D. Raabe, Texture and microstructure evolution during cold rolling of a strip cast and of a hot rolled austenitic stainless steel. Acta Materialia 45 (1997) 1137-1151.
Acta mater. Vol. 45, (1997) pp 1137-115[...]
PDF-Dokument [3.7 MB]
D. Raabe, Texture and microstructure evolution during cold rolling of a strip cast and of a hot rolled austenitic stainless steel. Acta Materialia 45 (1997) 1137-1151.
D. Raabe, Texture and microstructure evolution during cold rolling of a strip cast and of a hot rolled austenitic stainless steel. Acta Materialia 45 (1997) 1137-1151.

 

 

Stainless steel sheets are industrially manufactured by continuous casting, hot rolling, cold rolling and recrystallization. However, recent progress in producing
steel sheets in pilot-scale strip casters has increasingly stimulated efforts to convert such devices to commercial production [1-6]. Unequal-diameter twin roll strip casters for the production of steels combine the two operations of casting liquid metal between two rolls and imposing a slight deformation on the solidified metal films in the rolling gap to produce coilable strips [1-4]. Strip casting provides five main improvements in comparison to conventional processing methods. First, it supplies a steel band with the same geometry as produced by hot rolling [1,2]. This permits the hot rolling process to be bypassed. Second, the weak texture of the cast strip leads to reduced anisotropy when compared to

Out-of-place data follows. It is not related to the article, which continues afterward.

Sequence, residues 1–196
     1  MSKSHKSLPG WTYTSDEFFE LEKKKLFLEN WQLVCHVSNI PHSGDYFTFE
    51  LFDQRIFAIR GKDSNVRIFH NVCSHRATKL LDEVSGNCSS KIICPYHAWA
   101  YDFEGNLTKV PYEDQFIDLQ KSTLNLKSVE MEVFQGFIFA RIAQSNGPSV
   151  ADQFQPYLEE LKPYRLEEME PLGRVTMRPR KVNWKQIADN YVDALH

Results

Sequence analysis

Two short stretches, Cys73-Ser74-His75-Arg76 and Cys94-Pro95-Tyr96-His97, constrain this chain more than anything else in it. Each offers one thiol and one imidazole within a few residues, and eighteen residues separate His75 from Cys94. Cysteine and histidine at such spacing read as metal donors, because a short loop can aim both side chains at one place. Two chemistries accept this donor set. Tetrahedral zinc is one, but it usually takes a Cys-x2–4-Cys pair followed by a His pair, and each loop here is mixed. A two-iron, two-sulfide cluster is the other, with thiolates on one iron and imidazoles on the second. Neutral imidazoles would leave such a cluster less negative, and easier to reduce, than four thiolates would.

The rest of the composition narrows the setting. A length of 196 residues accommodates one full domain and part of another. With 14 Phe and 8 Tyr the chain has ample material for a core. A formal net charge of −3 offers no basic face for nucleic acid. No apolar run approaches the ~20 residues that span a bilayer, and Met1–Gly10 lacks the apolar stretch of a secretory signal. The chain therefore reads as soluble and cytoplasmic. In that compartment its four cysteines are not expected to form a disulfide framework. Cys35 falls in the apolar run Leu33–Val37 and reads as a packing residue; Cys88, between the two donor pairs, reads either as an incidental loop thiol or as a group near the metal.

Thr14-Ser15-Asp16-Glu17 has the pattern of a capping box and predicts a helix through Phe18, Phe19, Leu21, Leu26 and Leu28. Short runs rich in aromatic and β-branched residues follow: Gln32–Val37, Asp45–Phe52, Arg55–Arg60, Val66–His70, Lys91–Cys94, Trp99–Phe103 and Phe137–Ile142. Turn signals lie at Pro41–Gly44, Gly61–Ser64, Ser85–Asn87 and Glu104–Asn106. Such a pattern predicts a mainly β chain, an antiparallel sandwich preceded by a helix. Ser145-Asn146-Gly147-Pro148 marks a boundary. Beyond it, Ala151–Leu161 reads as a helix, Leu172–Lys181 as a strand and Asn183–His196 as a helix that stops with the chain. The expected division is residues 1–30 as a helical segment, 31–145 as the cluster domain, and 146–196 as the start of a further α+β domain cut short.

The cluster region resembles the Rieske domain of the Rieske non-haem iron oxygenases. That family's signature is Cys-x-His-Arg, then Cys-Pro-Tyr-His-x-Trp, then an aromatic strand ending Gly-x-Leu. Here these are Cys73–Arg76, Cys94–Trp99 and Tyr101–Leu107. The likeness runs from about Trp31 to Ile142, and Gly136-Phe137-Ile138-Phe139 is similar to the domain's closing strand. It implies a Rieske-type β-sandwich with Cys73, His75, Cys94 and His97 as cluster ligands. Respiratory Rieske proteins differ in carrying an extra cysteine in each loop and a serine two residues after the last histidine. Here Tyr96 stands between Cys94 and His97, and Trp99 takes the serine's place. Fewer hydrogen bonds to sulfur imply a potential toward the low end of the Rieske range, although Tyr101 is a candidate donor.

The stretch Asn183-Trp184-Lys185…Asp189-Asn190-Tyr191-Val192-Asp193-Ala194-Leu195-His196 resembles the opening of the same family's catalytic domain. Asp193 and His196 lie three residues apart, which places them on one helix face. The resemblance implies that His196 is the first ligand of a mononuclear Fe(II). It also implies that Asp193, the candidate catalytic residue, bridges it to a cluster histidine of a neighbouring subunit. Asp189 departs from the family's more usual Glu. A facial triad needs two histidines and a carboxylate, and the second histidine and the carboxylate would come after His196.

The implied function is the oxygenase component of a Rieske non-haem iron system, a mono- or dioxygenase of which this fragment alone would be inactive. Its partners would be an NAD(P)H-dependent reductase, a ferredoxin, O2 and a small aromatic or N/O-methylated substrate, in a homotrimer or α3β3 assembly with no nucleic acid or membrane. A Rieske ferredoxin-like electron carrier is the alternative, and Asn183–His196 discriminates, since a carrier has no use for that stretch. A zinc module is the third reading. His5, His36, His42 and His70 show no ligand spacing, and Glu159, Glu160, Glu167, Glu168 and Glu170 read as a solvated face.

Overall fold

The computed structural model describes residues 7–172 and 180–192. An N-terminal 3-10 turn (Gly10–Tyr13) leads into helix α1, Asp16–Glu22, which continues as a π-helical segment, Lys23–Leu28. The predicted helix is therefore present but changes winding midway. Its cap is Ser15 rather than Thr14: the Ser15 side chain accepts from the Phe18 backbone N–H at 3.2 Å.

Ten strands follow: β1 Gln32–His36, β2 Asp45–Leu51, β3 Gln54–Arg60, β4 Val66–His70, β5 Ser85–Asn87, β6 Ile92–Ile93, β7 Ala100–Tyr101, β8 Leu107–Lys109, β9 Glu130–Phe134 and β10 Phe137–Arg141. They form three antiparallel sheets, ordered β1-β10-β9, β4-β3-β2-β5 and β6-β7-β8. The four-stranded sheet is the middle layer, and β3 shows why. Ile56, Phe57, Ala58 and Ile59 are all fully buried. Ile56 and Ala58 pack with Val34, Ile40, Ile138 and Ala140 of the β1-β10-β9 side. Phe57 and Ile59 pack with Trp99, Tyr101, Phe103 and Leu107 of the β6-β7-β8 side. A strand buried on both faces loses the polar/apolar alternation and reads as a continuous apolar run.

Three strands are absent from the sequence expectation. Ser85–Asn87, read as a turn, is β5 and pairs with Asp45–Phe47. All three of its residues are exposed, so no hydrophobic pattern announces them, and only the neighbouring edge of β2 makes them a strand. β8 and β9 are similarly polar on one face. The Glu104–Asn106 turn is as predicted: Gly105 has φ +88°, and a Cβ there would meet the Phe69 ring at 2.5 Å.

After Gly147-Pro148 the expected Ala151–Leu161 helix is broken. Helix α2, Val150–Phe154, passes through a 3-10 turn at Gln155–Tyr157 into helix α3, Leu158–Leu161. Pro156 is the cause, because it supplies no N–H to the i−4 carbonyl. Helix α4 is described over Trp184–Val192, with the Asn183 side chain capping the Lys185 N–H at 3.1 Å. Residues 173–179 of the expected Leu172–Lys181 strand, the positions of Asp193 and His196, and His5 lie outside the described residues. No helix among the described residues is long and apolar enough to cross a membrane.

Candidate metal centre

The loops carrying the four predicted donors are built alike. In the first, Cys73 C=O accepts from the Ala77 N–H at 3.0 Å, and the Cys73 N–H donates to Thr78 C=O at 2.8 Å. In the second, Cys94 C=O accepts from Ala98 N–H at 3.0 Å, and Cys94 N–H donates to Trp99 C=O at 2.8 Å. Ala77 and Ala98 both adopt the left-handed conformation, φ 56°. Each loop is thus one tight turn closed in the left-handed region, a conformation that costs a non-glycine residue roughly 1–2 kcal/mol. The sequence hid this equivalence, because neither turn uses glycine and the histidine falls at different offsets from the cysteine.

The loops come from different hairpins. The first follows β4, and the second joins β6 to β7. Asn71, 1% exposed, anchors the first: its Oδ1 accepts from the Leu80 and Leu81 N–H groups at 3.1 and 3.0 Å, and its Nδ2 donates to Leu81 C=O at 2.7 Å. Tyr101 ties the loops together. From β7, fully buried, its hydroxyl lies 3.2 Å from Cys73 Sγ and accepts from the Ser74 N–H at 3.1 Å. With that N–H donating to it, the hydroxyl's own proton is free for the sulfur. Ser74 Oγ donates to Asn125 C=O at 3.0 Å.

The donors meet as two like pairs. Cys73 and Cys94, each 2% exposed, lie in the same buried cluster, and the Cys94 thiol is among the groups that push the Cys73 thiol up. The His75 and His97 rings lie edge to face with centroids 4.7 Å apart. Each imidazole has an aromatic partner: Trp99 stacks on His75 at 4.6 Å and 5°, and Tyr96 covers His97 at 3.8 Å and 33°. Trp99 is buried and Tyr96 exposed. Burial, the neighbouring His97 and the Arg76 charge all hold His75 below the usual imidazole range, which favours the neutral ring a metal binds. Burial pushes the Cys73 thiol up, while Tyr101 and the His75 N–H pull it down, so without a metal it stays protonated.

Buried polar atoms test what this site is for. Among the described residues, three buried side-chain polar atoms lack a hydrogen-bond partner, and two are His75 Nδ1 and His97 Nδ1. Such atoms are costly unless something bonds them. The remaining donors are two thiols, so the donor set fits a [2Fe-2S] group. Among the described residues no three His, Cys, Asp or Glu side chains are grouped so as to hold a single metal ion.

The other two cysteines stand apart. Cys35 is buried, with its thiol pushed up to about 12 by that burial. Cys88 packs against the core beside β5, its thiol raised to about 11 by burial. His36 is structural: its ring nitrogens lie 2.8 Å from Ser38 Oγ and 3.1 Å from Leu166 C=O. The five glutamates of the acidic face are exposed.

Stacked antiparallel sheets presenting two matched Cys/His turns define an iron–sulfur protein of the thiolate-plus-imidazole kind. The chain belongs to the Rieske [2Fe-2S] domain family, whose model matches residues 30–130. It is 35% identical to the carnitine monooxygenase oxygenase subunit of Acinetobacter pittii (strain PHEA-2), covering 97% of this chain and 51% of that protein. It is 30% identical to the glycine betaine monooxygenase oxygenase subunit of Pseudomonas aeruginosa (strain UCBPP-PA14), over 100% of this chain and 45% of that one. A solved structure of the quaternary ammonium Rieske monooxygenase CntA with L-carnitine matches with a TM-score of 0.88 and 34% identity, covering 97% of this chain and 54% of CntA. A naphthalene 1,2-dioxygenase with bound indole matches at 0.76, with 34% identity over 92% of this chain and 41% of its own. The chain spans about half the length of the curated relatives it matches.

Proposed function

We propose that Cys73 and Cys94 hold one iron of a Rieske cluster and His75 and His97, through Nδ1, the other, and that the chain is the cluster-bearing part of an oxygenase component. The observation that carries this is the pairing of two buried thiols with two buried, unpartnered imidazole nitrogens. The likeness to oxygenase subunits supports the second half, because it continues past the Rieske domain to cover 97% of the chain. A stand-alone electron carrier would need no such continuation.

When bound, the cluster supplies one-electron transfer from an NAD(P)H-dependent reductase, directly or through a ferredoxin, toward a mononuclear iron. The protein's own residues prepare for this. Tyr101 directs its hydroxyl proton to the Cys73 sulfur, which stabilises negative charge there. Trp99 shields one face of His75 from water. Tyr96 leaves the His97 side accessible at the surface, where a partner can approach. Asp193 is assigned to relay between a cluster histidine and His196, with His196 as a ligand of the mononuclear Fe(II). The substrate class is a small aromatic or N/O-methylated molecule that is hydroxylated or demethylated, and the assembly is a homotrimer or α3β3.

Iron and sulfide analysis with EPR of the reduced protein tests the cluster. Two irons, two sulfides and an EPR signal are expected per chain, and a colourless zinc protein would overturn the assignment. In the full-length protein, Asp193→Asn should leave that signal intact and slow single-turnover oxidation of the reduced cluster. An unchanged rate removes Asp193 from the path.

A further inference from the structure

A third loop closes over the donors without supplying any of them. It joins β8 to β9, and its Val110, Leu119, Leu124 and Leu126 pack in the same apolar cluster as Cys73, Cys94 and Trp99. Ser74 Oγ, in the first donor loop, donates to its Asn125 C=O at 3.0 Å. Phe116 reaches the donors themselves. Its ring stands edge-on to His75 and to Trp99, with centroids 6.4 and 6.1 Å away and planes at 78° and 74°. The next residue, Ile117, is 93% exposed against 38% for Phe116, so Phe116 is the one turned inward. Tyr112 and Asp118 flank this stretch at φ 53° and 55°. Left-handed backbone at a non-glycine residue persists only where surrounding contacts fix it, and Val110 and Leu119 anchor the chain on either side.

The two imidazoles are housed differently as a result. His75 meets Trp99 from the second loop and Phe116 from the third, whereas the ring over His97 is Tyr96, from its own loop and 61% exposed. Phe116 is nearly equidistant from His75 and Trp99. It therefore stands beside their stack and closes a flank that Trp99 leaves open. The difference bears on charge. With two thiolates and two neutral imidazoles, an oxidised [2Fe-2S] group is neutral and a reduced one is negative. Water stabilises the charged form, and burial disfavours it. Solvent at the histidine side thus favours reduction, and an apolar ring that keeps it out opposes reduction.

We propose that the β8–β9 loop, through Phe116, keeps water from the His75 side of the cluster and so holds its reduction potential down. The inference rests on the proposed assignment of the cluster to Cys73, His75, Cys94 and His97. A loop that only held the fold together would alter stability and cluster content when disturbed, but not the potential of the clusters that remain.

hot rolled sheets [3,4, 7-10]. Third, the high solidification rate leads to a refined microstructure when compared to conventional casting [II, 12]. Fourth, it is possible to directly cast steel sheets that tThe recrystallization textures of the present material will be investigated in a subsequent paper [25]. are not endowed with a sufficient intrinsic ductility for rolling, such as transformer steels with a high Si content [13,14]. Fifth, it is not economical to produce small quantities of highly alloyed stainless steels by continuous casting and hot rolling.
Whilst many initial technical problems of twin roll strip casters have been solved [1,2, 5,6, 13, 14], the microstructure and texture that develop during rolling and annealing of strip cast austenitic steels have not yet been studied. From previous investigations on conventionally manufactured ferritic [10,15-18] and austenitic [9,10,19-24] stainless steels it is known that the initial grain morphology and texture can substantially influence the texture evolution during cold rolling and annealing]: Besides the description of the texture and microstructure that result from strip casting and subsequent processing, a second more fundamental